Got a lot of stuff at SDCC this year, all of it readable (I’m usually good for at least one toy, but not this year); I spread it out for the customary photo, which my dog decided to crash. For the record, he was here in New Jersey the entire week. In case any of you want to know what’s good, let’s do a survey:
- On the left hand side, the Stan Sakai tribute book and the hardcover collection of 47 Ronin (on which Sakai supplied the art); the former is new, the latter’s been out since March, but I hadn’t been able to find a copy anywhere so yay. Sakai is one of the great treasures of comics, and if you haven’t been reading his work all along, you could do far worse than to read the standalone story of the loyal retainers of the Asano Clan.
- Top center you’ve got the two cheats: In Real Life and To Be Or Not To Be. My copy of TBONTB is nearly a year old, but the key word is nearly; my copy came in the mail just after SDCC ’13, and thus I missed the opportunity to get contributors to sign it. I brought it this year, and now have 19 of the 69 contributors; this one may take a few more cons. A copy of In Real Life by Jen Wang and Cory Doctorow was offered to me at the :01 Books booth, but I suspected I’d have a copy waiting for me when I got home and so it was.
- Continuing clockwise, we get the latest Bravest Warriors and the last issue of Midas Flesh, both of which are excellent (Midas #8 is the Ryan Northiest story that there ever could be), and for both of which I offer my profound thanks to the folks at BOOM!, in that they actually sell their comics at their booth.
- I see now that I could have composed the placement of items a little better to keep similar things together, but oh well. We have the previously-mentioned Penultimate Quest by Lars Brown and Cautionary Fables and Fairy Tales: Africa Edition, edited by Kel McDonald, both of which I devoured on the plane. Penultimate dares to ask the question Why are we invading this same dungeon day after day and why doesn’t time pass? from the perspective of a character in that situation. It’s a ballsy thing to decide that Valhalla gets kind of old when it might be your eternal reward; it’s ballsier for Brown to end the book on a cliffhanger, with resolution to come in volume 2.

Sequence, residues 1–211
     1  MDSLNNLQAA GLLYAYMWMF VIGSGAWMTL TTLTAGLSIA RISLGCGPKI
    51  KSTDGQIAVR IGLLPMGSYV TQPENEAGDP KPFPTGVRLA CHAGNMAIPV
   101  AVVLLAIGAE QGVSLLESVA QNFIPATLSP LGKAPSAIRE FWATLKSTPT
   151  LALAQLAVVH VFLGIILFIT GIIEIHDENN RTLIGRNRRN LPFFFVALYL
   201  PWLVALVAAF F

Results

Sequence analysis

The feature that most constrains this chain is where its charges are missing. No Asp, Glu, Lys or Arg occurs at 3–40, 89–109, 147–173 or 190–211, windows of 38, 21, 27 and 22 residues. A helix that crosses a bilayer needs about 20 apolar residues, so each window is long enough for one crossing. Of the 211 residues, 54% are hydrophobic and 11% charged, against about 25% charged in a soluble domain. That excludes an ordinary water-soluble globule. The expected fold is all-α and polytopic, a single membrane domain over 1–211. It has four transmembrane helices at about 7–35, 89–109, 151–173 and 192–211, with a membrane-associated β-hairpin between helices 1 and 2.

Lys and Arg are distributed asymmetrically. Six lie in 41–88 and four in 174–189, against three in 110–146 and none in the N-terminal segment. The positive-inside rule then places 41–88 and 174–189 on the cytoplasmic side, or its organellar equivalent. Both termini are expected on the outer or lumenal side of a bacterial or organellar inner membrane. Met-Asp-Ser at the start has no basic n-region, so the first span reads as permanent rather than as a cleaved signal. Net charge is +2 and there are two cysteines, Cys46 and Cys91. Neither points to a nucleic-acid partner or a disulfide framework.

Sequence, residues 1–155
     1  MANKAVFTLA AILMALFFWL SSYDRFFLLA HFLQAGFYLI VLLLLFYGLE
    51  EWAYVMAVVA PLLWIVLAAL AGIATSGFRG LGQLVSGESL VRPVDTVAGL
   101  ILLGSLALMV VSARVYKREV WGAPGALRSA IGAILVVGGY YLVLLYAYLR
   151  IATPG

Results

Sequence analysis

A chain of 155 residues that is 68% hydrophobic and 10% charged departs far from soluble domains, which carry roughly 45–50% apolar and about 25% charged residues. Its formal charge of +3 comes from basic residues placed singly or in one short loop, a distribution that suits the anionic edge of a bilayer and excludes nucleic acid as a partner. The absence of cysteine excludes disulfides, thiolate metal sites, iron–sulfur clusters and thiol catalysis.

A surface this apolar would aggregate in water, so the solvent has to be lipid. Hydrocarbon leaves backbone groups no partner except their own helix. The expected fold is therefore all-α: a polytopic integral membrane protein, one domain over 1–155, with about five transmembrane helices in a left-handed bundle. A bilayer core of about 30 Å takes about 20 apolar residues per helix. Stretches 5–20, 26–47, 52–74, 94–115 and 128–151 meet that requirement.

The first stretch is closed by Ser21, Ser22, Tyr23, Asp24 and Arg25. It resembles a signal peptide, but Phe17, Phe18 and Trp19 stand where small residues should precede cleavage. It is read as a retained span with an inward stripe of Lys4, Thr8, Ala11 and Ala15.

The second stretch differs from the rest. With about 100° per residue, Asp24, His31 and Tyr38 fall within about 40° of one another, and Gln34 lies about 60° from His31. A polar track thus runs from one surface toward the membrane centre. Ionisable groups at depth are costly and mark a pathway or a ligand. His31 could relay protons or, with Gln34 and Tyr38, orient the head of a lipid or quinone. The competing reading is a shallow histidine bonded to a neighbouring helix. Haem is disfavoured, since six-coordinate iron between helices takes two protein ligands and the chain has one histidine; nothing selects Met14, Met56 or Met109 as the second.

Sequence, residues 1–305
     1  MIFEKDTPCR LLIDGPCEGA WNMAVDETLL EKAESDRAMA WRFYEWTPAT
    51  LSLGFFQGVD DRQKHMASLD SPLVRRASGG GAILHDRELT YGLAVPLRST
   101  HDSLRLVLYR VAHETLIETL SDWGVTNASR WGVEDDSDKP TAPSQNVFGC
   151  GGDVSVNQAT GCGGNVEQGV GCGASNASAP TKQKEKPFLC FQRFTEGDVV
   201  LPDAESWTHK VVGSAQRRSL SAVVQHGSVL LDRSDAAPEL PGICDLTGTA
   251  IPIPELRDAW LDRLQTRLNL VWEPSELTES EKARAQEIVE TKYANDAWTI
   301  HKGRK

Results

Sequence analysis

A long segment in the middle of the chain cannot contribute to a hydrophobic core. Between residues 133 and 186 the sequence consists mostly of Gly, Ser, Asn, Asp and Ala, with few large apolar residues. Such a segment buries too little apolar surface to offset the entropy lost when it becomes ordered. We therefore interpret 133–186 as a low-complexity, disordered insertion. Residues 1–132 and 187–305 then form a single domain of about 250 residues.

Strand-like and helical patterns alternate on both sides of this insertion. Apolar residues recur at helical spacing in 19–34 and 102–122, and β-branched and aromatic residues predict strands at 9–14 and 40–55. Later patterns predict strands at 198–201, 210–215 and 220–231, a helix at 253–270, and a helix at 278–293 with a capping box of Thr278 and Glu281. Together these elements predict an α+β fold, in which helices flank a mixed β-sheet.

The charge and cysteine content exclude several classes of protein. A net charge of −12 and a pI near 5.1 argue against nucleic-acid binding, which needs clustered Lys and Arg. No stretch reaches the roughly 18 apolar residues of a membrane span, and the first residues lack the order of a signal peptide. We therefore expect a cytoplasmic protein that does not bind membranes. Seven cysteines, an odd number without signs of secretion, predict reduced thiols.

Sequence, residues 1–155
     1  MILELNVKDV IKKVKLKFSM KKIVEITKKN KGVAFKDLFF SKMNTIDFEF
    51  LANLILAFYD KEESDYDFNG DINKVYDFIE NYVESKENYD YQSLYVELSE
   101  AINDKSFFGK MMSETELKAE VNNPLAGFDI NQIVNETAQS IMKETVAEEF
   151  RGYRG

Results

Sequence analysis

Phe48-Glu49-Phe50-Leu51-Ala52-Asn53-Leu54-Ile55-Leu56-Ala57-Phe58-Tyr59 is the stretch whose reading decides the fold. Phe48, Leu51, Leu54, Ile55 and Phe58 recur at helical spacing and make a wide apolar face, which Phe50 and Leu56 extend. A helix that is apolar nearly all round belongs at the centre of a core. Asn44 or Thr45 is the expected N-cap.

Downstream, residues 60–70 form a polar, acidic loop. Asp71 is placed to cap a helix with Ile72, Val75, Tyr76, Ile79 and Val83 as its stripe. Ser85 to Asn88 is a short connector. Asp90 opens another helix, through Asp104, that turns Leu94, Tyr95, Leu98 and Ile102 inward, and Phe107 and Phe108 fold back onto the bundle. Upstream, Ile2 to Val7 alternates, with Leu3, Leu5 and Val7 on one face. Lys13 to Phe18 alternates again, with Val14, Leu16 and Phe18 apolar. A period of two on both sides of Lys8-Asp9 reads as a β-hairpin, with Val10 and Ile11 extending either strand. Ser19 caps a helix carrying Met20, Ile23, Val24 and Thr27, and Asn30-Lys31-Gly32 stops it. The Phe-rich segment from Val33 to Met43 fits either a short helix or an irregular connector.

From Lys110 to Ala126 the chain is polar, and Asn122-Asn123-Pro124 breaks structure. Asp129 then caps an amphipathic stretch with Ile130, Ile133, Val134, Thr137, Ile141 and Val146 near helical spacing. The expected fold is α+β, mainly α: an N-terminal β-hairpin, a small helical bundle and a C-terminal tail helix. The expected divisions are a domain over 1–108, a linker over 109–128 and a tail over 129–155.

Unsurprisingly, there were a lot of damn good stories in Cautionary, ranging in their treatment and degree of fidelity to source material. Also unsurprisingly, the standout was Carla Speed McNeil’s story of why Frog and Snake don’t play together; no other story captured the sense of timelessness, the speech rhythms of griot, and drop-dead gorgeous art that precisely matched the needs of the tale to quite the same degree. Then again, if you’re producing a story that isn’t quite as assured as one by McNeil, you’re doing pretty damn well.
- In between Brown and McDonald’s gifts is the first issue of Terry Moore’s SIP Kids, bringing characters from his justly-acclaimed Strangers In Paradise together as Peanuts-age children. It’s hilarious and you should get it even if you never read Strangers; you’ll get more out of it if you’re familiar with Moore’s work, but it stands marvelously on its own.
- In the center, you’ve got Jim Zub’s most recent Skullkickers issue (I had trouble finding it previously) and Jeff Smith’s first print issue of his webcomic Tüki Save the Humans. Typing their names in such close proximity makes me want to see those two dudes collaborate on something someday. Oh man, that would be awesome.
Oh, and my hotel clerk gave me these, which was very generous given that I hear there’s a trade in them on eBay.
Spam of the day:
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In the words of the inimitable Helen Rosner, My safe word is STOP MAKING SEX REFERENCES ABOUT KALE.